Sunday morning we woke slowly and arrived at church in time for me to hang out with my toddler nursery buddies during the Sunday school hour. Church followed and then more naps, some reading, art journaling, and a long walk.
We went to dinner downtown with friends. We made tea and went to bed early to start the week well-rested. I woke this morning to a silent house.
After feeding the animals and walking the dog, I took my time getting ready for the day before driving to Charlottesville to exchange cars again.
My ducks are all back in the nest. It was a nice break for us all to have the gift of space from each other, but it is so good to have them home.
These wise eyes look at me each time I pass through the old pantry to the kitchen. The pass-through pantry is a bane of my existence, its catch-all tendency tripping my longing for order wiring. It reminds me to find beauty in the mess. Always there is that. Both mess and beauty.
This owl was painted by a dear friend (seriously, click on the link to see what kind of friend she is) and won by me at a silent auction for Cross Keys Equine Therapy. It was meaningful to bid on and win something so whimsical and fun. From the silver sparkles to the flower and coloring, everything about this piece spoke to me.
It still speaks. Slow down. Be present. Watch. Remember.
The Barn Bashhappens again tomorrow. I am excited to see what will be offered for silent auction this time. I am eager to see who will attend. It is always a fantastic time of connection with friends old and new and catching up on the goings-on in our respective worlds.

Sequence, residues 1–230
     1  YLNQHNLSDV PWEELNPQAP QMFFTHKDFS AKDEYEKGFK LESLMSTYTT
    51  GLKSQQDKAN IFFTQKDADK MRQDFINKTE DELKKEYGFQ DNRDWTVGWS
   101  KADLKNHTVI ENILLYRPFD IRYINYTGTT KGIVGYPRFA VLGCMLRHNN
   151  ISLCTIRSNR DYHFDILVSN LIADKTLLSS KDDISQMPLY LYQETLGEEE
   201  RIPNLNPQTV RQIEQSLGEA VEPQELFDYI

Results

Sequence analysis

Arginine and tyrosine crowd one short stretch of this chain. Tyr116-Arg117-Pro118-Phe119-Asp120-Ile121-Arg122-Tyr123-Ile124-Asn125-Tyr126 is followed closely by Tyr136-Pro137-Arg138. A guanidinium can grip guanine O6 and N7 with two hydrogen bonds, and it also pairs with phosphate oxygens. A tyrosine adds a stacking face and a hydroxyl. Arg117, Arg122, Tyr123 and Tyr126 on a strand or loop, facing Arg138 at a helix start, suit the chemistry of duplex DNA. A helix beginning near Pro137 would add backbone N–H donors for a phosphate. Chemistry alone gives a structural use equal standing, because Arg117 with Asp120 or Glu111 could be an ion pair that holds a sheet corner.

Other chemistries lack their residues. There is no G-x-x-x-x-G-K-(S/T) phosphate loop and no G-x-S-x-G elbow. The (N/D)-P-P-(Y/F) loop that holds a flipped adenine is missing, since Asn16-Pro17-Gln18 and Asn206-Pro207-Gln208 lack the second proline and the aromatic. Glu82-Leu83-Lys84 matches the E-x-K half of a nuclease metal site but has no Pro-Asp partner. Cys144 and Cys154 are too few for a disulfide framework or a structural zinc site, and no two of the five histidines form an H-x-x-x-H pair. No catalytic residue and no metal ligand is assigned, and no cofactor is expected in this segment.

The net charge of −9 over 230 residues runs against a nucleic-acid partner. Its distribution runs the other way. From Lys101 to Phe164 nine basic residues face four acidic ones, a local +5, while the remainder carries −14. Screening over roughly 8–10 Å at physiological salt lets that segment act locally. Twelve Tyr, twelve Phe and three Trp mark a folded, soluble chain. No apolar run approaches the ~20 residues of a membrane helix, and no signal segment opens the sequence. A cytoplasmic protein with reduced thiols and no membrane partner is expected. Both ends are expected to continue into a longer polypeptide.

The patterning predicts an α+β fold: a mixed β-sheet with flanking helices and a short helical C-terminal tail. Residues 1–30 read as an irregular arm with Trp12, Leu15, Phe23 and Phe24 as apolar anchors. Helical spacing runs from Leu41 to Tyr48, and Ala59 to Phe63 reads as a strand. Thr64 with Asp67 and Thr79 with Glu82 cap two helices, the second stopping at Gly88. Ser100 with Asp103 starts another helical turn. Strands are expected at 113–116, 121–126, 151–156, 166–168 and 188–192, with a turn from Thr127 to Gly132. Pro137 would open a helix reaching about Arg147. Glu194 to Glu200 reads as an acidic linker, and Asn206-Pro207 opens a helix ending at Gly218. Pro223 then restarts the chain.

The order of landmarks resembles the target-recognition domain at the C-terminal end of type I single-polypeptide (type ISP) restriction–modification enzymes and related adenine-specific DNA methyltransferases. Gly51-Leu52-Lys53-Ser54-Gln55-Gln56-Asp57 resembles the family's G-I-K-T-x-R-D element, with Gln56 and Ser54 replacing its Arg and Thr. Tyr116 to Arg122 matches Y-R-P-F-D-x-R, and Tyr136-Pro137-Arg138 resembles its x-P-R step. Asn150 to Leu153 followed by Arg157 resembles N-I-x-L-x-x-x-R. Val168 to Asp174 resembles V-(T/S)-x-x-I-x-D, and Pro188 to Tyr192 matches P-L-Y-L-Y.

If you are on the fence about going or even a little curious, take a risk and buy a ticket. (I JUST bought mine!) Bring a friend. Come out for an evening of fun and relaxation. I hope to see you there!
Saturday, May 19, is the Hats and Horses Fundraiser out at Cross Keys Equine Therapy. There is still space for you and a friend or several to attend this Preakness-themed event. If you are a last-minute person who waits to see what’s available, wait no longer and hop over here to order your tickets.
Come to think of it, I had better ask Steve if we have ordered ours!
We have attended this event for several years. Once I won the 50/50 raffle which paid for the babysitter hired to tend our houseful of children. Another time, I won a silent auction painting donated by my favorite local artist. Rumor has it she is offering something again this year!
It is always fun to see who attends and to mingle with friends, old and new. There are hats to decorate and silent auction items to browse. There is live music and a cash bar. The bar tender is always handsome and funny. The BBQ is delicious and desserts tempting.
Most important is the money raised to sustain the work of Cross Keys Equine Therapy. Attending this event is a fun way to offer the financial support that is so needed.
You may wonder what happens out at the farm. How do horses help with therapy?
I am glad you asked, because I had an experience at the farm back in January that I would love to share with you.
When engaging with the horse, first get permission. Wait for the horse to come to you and reach out to touch you before touching it. Just like you wouldn’t walk up to a person and begin rubbing their arm, don’t walk up and start petting the horse.
Alicia addresses board members sitting around a table preparing to exit to the fields for an experience with the horses. We are to take some time visioning the work of Cross Keys and think about how we fit into that vision. I take up my spiral-bound journal and walk outside. Our first assignment is to sit and be still.